Celtics’ 18th NBA Title Caps Boston’s Epic Championship Run

Celtics’ 18th NBA Title Caps Boston’s Epic Championship Run article feature image

Photo by Brian Babineau/NBAE via Getty Images Pictured: Jayson Tatum of the Boston Celtics

There’s something special about June 17th for the Boston Celtics.

Sixteen years to the day that Paul Pierce and Kevin Garnett proved “anything is possible" by winning the franchise’s 17th title, Jayson Tatum and Jaylen Brown powered the Celtics to their NBA-record 18th championship in a 106-88, series-clinching win over the Dallas Mavericks.

Overall, with so much success in its storied history, it’s natural for some of Boston's title teams to fade into oblivion while others are more memorable.

This year’s Celtics team should fall into the latter.

Capturing the title in front of a frenzied TD Garden crowd served as a coronation for a dominant team that was favored to win it all for virtually the entire season. In fact, the Celtics became the 15th team since 1990 to win the Larry O’Brien Championship Trophy after being favored heading into both the regular season and the playoffs.

The Celtics entered the Finals favored in all but three games, which is tied for second-fewest all-time. It trails only the 1996-97 Bulls, who were never once an underdog.

Furthermore, by finishing off the Mavericks in Game 5, the Celtics went 16-3 over the course of the entire postseason for an .842 winning percentage.  That’s the second-best winning percentage in playoff history in the expansion era behind only the 2017 Golden State Warriors (16-1).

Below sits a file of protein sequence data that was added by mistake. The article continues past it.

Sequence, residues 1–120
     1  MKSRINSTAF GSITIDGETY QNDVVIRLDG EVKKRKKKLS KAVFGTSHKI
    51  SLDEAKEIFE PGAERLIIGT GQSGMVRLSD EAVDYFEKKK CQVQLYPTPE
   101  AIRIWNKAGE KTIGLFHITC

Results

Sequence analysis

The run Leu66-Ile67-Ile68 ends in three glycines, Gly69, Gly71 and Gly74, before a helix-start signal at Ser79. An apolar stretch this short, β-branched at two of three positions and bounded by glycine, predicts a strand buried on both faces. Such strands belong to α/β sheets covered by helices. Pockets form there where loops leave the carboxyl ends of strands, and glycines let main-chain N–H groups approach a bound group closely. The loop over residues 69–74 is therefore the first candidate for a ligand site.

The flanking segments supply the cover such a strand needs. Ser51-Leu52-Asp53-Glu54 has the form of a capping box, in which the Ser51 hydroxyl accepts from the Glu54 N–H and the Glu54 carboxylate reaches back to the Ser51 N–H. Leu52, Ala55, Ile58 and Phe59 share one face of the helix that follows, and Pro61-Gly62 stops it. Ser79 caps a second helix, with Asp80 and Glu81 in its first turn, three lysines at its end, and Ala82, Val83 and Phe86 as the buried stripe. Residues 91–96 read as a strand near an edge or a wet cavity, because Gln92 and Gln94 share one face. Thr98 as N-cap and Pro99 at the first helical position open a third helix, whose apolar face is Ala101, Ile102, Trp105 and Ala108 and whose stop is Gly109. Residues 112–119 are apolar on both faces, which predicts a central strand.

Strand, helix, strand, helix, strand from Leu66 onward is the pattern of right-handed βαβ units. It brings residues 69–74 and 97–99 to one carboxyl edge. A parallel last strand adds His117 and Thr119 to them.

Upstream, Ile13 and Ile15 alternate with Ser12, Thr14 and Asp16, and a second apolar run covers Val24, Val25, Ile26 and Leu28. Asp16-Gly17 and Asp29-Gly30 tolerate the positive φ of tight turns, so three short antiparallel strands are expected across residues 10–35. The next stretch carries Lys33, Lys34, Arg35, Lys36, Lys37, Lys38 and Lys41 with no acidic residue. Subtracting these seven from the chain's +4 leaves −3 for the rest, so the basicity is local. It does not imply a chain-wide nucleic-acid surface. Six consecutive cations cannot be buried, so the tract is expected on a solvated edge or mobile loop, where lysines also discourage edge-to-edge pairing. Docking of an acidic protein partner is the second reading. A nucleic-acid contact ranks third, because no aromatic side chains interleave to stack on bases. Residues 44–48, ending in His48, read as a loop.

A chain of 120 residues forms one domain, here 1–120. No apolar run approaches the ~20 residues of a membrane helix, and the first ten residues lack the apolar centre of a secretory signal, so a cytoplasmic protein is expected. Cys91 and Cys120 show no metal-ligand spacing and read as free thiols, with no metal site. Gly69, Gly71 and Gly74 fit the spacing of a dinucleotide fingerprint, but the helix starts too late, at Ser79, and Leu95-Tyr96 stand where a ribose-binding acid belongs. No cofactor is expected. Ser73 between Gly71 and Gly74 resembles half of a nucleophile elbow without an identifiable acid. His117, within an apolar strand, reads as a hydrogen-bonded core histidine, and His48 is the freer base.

Boston’s latest title provides just one more reason for the rest of the country to be envious of Beantown.

Cities from coast-to-coast boast long-suffering fans thirsty for any sort of title. Then there are Boston fans, who between the Celtics, Patriots, Bruins and Red Sox, have had a remarkable, almost unfathomable run over the past two decades. Those four teams have combined for 13 titles dating back to 2002 with the Celtics raising two banners, the Patriots six, the Red Sox four and the Bruins one. Each major franchise has also won at least one championship since 2011.

It’s been five years since Boston last broke out the duck boats following the Patriots’ Super Bowl win over the Los Angeles Rams. That’s far-and-away the city’s longest drought since the incredible run began. The previous long was three years between the Celtics’ 2008 championship and the Bruins’ 2011 Stanley Cup title.

Oddsmakers don’t think it’ll be nearly that long until Boston raises another banner as they’re bullish on the Celtics for next season. The team hasn’t even had their parade yet, but at +300, they’re already favored to win the 2024-25 title at FanDuel.

They're the cities best hope, though, as the Red Sox are +13000 to win this year’s World Series, the Bruins +2200 to win next year’s Stanley Cup and the Patriots — to the joy of all other 31 NFL fanbases — have the second-longest Super Bowl odds in the league at +25000 ahead of the Carolina Panthers.

Add it all up and for a city blessed with 13 titles in 22 years, you can put the 2023-24 Celtics up there among the memorable teams during this golden era of Boston sports.

Evan Abrams contributed research for this article.

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Jul 24, 2024 UTC